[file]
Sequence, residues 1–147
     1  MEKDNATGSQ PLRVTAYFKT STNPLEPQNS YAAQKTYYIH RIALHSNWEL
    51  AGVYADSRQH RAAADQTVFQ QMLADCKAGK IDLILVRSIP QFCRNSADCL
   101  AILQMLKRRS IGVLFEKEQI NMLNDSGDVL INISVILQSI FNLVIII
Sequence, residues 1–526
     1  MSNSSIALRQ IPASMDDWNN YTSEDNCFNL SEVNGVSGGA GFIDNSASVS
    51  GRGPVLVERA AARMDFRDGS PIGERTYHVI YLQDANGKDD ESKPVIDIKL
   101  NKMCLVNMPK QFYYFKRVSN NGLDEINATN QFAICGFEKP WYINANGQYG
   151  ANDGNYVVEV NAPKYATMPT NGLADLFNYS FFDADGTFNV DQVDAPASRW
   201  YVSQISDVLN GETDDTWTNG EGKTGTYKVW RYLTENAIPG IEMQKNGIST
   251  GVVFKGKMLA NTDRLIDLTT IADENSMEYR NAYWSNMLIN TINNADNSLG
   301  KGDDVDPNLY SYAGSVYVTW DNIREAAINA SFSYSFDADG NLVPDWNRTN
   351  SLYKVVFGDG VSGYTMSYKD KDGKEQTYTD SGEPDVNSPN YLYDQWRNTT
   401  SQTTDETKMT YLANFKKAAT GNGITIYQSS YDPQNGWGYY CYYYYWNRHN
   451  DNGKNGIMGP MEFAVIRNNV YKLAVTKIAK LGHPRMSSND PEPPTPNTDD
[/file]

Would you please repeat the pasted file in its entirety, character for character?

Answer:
Sequence, residues 1–147
     1  MEKDNATGSQ PLRVTAYFKT STNPLEPQNS YAAQKTYYIH RIALHSNWEL
    51  AGVYADSRQH RAAADQTVFQ QMLADCKAGK IDLILVRSIP QFCRNSADCL
   101  AILQMLKRRS IGVLFEKEQI NMLNDSGDVL INISVILQSI FNLVIII
Sequence, residues 1–526
     1  MSNSSIALRQ IPASMDDWNN YTSEDNCFNL SEVNGVSGGA GFIDNSASVS
    51  GRGPVLVERA AARMDFRDGS PIGERTYHVI YLQDANGKDD ESKPVIDIKL
   101  NKMCLVNMPK QFYYFKRVSN NGLDEINATN QFAICGFEKP WYINANGQYG
   151  ANDGNYVVEV NAPKYATMPT NGLADLFNYS FFDADGTFNV DQVDAPASRW
   201  YVSQISDVLN GETDDTWTNG EGKTGTYKVW RYLTENAIPG IEMQKNGIST
   251  GVVFKGKMLA NTDRLIDLTT IADENSMEYR NAYWSNMLIN TINNADNSLG
   301  KGDDVDPNLY SYAGSVYVTW DNIREAAINA SFSYSFDADG NLVPDWNRTN
   351  SLYKVVFGDG VSGYTMSYKD KDGKEQTYTD SGEPDVNSPN YLYDQWRNTT
   401  SQTTDETKMT YLANFKKAAT GNGITIYQSS YDPQNGWGYY CYYYYWNRHN
   451  DNGKNGIMGP MEFAVIRNNV YKLAVTKIAK LGHPRMSSND PEPPTPNTDD